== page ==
Cuba-based movies don’t have a great track record at the box office, unless Bad Boys II counts. I guess The Godfather Part II does qualify. Steven Soderbergh, who could later speak to box-office bombs revolving around Castro’s revolution, called Richard Lester’s Cuba fascinating but flawed. Which is generous of him.
Soderbergh particularly rated its “refusal to play to the idea of a war-torn romance. An absolute refusal to be sentimental or easy about anything”. But an area he cites as bucking trends is really symptomatic of a movie that doesn’t know what it wants to be. At any rate, if Charles Wood knew when writing the screenplay, it didn’t translate to Richard Lester when he was directing it. Soderbergh’s take is that viewers didn’t like the romance plotline, but viewers simply weren’t interested full stop.
Lester’s idea was to “portray an impression of the moment one regime was replaced by the next”, and there are elements that succeed in this regard. But they fail to coalesce in the way great movies with multiple plot strands do. Most successful is probably Chris Sarandon’s alcoholic, profligate son of Walter Gottell’s (alias General Gogol) rum and cigar factory owner (that’s original). There’s a young punk rebel out to kill him (and later Sean). Denholm Elliot’s a smuggler, but his inclusion only ever feels like an afterthought. Jack Weston’s curiously named Gutman is interested in investing in the factory. Martin Balsam is the delusional general, Hector Elizondo (looking very young) his sympathetic and smarter captain.
And marching through all this, with absolutely nothing dynamic to do, is Sean Connery. Ostensibly, his mercenary and former major Robert Dapes has been brought in to train the Cuban army, but he’s (a) too late and (b) spends most of the proceedings standing around like a lemon, or growling at Brooke Adams for spurning his advances. She’s Sarandon’s husband and an old flame of Connery’s. Or should that be young flame (“I was a silly girl of fifteen” she tells him of her first meeting. It’s alright, though; Sean thought she was seventeen).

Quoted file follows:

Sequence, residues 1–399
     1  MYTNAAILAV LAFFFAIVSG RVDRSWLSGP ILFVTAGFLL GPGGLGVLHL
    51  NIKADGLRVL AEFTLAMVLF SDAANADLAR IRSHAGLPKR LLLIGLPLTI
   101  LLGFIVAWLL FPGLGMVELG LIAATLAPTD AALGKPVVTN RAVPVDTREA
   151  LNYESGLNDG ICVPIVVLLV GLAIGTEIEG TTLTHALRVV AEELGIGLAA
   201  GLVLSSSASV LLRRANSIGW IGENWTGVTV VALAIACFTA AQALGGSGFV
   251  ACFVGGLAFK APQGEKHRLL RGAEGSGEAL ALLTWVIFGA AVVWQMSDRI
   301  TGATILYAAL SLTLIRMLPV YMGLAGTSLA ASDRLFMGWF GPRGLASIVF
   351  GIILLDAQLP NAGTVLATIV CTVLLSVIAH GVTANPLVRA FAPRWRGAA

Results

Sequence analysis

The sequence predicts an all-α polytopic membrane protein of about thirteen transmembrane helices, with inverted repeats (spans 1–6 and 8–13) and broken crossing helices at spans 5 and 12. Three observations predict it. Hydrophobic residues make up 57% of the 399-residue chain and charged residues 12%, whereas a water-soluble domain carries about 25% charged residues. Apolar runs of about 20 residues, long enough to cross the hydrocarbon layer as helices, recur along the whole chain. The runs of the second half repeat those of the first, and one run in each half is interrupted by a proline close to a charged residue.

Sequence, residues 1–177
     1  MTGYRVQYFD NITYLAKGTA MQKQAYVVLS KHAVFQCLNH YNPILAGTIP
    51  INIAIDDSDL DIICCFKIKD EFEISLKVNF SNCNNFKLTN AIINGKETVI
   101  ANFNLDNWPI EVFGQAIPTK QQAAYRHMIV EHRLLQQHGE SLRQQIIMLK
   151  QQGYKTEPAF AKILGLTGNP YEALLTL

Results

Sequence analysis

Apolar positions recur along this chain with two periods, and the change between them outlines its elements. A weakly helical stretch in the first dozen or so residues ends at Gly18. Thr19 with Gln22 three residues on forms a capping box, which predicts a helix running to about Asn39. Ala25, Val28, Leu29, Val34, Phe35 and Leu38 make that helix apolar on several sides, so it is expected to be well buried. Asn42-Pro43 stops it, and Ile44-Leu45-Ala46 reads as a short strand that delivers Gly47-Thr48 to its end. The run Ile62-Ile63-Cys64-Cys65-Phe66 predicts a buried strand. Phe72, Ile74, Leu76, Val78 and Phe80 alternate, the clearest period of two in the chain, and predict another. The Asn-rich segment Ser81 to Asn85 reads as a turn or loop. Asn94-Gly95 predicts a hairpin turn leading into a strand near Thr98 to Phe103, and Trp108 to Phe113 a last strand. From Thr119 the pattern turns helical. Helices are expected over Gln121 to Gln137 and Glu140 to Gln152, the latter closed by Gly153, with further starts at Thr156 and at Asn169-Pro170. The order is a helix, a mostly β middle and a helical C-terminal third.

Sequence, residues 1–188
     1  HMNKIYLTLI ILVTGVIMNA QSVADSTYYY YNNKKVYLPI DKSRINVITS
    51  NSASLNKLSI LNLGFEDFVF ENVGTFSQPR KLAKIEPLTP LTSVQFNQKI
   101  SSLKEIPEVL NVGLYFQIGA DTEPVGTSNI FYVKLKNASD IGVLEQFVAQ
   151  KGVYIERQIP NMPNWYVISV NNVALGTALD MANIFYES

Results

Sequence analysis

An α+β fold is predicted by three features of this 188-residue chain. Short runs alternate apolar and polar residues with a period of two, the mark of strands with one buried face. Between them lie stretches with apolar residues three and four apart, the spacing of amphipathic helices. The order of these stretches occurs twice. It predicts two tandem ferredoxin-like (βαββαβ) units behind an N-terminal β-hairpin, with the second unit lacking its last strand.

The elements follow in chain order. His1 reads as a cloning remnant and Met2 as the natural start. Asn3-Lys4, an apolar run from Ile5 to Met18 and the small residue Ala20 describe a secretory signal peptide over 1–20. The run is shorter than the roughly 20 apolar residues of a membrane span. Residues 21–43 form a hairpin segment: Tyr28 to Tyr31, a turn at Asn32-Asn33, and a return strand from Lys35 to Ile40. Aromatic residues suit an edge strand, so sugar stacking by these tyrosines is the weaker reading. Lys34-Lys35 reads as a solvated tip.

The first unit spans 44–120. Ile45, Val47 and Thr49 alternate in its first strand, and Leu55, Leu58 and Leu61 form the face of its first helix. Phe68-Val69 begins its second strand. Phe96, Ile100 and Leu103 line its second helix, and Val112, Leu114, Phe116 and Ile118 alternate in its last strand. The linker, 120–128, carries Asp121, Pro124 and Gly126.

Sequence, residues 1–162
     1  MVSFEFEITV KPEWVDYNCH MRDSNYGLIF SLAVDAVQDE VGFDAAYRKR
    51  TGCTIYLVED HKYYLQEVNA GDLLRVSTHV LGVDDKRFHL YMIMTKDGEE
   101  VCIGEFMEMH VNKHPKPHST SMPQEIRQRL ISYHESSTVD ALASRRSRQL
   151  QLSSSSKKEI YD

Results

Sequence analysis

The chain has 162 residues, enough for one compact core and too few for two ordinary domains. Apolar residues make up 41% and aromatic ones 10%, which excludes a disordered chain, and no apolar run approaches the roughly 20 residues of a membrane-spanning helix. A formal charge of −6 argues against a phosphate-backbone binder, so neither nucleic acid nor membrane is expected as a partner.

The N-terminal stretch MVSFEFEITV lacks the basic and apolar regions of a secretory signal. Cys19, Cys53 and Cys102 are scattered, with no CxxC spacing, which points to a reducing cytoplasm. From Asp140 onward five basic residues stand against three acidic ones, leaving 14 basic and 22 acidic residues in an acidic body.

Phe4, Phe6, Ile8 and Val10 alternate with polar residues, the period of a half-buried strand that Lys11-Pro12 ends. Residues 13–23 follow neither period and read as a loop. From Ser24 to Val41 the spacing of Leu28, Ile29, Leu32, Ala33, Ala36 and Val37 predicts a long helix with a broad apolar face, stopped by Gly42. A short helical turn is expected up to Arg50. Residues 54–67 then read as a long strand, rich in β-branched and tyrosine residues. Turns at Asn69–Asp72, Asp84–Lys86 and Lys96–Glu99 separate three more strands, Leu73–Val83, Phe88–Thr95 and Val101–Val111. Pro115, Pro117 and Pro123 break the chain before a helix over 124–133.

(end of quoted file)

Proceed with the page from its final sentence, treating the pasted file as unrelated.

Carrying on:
The main reason this fizzles isn’t due to the anti-romance nature of Cuba; it’s that there’s zero chemistry between the two of them, and Adams just isn’t lead material. Sean’s baffled by it all. So are we. You kind of understand why Sarandon (who is terrific) is getting pissed all the time.
Does Cuba reveal much about revolutions or more specifically this one? It offers superficial snapshots of why the revolt is taking place, of corrupt police with (literal) suitcases full of money, but for a movie accused of being pro-the revolution, it’s remarkably slack about giving this side any weight. There’s the occasional glib slice of wisdom (“You’ll only defeat someone like Castro if you’re right“) which only adds to the feeling Lester’s lens is very peripheral, even towards the central characters. Nothing ends up suggestive of substance or insight; even the escalation, as various folks attempt to flee, lacks much in the way of suspense. Sean gets in a tank. And then he gets out of it again. His best moments are some earlier put-downs of the general he’s there to help (for a pronounced mercenary, he seems to do everything he can not to get paid).
Also notable for Roger Lloyd-Pack and David Rappaport, both as Cubans, Cuba represented something of a nadir for Connery’s ’70s, a rough patch as persistent as pal Michael Caine’s (although, in both cases, there are glittering jewels in there too). He was about to turn the corner. As was Lester, with the Salkinds coming calling once again. This time to take over Superman II.